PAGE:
Published March 21, 2011
Divorce takes an emotional toll, and if you are not careful, it can often take an economic one as well. Protect your credit and come through divorce under the best possible financial circumstances by avoiding these common mistakes.
1. Trying to get even
Think twice about trying to exact financial revenge for wrongs committed against you in the marriage -- it could cost you in the long run. The more you argue over the division of assets, the more you'll end up paying legal and other professional fees, says Jeff Ivory, a partner with Stonebridge Financial Partners. Those fees could cripple you financially as you start your new life and affect your ability to get credit.
Instead, keep "the personal stuff" out of the equation, approaching the division of assets in as civil a manner as possible, he advises. Consider working with a financial professional or mediator instead of opposing attorneys.
2. Maintaining joint credit
Maybe you forgot that jointly held credit card, or maybe you agreed to keep the card open and accessible to both of you, for whatever reason. Either way, big mistake. "If everyone is cooperating, it works, but when someone doesn't pay or runs up debt, the other spouse remains liable," says Jerry Cohen, a certified public account specializing in financial forensics.
Before divorcing, pull your credit report from all three major credit bureaus -- Experian, Equifax and TransUnion -- and pay off jointly held cards, if possible. Otherwise, transfer any balances to one person's name and then close the joint accounts. If you're concerned that your spouse might open a joint account during the divorce proceedings, consider placing either a fraud alert or security freeze on your credit by contacting the credit bureaus.
After the divorce is finalized, check your credit report annually and dispute any suspicious findings. "I found that my ex-husband was using one of my old credit cards six years after our divorce," says Denise Winston, who immediately closed it.
3. Overestimating the power of a divorce decree
People often think that if the divorce decree specifies one party is to pay off a credit card, they aren't responsible for the debt anymore. That's not necessarily the case, as Kate Burch, director of communications at The University of Oklahoma, learned last fall. "My ex was supposed to pay one of the credit cards per the decree, but when he decided not to pay it any longer, I was at fault since it was in my name," she says.
If you're borrower or a co-borrower, the credit card company can hold you liable, regardless of the decree, says Todd Christensen, director of education at Debt Reduction Services Inc. "Credit card companies are not party to a divorce decree," he says.
Ivory suggests you contact the lender directly before finalizing the decree and discuss what they need from you to remove your liability and minimize your credit risk.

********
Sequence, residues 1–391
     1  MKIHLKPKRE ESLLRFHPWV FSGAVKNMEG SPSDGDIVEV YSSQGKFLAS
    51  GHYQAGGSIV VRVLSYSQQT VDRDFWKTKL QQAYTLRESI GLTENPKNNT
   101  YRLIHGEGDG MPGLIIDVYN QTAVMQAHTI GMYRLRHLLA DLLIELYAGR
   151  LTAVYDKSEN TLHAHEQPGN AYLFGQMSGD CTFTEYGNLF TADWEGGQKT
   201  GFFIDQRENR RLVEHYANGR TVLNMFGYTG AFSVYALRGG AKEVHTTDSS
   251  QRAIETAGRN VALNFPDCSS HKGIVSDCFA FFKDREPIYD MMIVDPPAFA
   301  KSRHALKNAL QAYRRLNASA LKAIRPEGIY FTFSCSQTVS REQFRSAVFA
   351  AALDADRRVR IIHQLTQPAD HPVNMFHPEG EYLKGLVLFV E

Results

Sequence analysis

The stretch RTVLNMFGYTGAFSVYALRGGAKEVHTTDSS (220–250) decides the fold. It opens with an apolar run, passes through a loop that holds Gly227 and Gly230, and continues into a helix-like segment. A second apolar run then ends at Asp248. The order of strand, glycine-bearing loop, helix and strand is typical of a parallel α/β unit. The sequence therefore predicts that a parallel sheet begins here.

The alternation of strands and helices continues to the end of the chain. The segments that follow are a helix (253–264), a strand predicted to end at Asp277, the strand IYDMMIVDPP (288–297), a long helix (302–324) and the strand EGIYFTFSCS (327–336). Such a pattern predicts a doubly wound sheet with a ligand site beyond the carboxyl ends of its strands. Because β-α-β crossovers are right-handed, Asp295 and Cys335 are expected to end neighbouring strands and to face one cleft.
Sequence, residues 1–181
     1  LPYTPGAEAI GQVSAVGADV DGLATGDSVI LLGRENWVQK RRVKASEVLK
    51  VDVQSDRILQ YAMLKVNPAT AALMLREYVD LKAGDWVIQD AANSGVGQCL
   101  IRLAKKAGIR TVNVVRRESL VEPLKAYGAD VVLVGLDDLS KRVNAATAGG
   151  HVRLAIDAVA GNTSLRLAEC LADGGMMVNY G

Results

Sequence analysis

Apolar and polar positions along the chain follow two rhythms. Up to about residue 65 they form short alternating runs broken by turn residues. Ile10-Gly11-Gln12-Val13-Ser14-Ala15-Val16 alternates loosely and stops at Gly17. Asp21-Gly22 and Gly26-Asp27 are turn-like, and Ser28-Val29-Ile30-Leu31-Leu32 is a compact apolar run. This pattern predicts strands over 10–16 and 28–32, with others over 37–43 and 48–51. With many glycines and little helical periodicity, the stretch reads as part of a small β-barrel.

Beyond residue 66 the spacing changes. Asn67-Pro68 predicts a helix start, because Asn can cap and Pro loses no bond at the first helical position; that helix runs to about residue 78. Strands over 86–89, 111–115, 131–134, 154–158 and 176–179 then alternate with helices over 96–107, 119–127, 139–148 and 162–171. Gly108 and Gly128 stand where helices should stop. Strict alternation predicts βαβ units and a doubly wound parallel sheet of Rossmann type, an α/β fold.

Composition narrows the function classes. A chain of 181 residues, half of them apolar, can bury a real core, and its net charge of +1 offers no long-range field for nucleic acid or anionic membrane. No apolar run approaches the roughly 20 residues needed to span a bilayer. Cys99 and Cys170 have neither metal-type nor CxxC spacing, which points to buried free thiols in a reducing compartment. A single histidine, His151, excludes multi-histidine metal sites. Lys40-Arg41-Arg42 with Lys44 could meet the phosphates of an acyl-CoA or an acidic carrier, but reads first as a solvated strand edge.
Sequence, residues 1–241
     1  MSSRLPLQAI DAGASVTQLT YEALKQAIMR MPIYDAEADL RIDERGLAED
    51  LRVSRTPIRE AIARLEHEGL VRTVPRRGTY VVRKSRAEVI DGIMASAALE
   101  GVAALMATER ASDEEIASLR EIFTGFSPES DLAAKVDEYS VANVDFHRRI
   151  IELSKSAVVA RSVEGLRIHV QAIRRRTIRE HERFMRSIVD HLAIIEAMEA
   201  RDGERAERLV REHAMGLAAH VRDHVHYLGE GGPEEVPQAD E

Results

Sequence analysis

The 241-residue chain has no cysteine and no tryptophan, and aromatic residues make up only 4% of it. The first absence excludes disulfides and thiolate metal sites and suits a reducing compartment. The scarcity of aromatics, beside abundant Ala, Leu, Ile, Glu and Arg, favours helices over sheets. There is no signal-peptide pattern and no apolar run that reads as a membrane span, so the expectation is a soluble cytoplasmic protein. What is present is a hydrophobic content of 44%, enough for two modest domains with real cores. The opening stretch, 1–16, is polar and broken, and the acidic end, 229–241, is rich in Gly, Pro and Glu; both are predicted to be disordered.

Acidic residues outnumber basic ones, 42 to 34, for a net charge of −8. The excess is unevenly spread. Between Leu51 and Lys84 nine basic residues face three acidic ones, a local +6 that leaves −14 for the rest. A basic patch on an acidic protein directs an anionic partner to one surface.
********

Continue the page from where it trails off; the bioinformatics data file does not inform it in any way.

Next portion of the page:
4. Planning without a budget
You can't make smart financial decisions without a budget, especially when you are starting over after a divorce. First, determine what you need to live on. Cohen recommends working with a financial planner to budget for three, five and even 20 years from now. "You need to think about your finances from the perspective of your future," he explains.
Then, as you negotiate the division of marital assets, keep that budget in mind. Jeff Landers of Bedrock Divorce Advisors, a firm specializing in divorce financial strategy, indicates failure to do so could be financially disastrous. "Once your final divorce decree is signed, it may be difficult, or even impossible, to make changes," he says. "You often have only one shot to get it right."
5. Believing assets are created equal
When dividing marital assets, you need to weigh their true value. Do you choose a $30,000 car or a $30,000 mutual fund? How about a $600,000 bank account or a completely paid $600,000 home? Choose carefully because the car will depreciate in value, and taxes, maintenance and capital gains can take a chunk out of the home's true worth. Homes are particularly difficult to value because the market can fluctuate, and they're worth zero if you can't afford the payments and lose the house in foreclosure.
Instead of focusing on the now, Ivory suggests, think again of the future. What will the asset be worth? What expenses (penalties for early withdrawal, taxes, depreciation) are involved? Don't let emotion get in the way. "You can buy the physical again, but you don't want to be in a position where you can't afford to pay for it now," he says.
6. Just wanting to get it over with
Stressed by the divorce process, Jennifer Tanner decided to concede and allow her ex, the noncustodial parent, the right to claim their son on his taxes every other year. That decision cost her $2,300 last year and, by the time her son is grown, tens of thousands in future deductions.
Ivory says it's not uncommon for a spouse to grow weary of the process, but he cautions against throwing in the towel. Spend the time now to work through your financial issues. If you don't, you may end up paying for it later.
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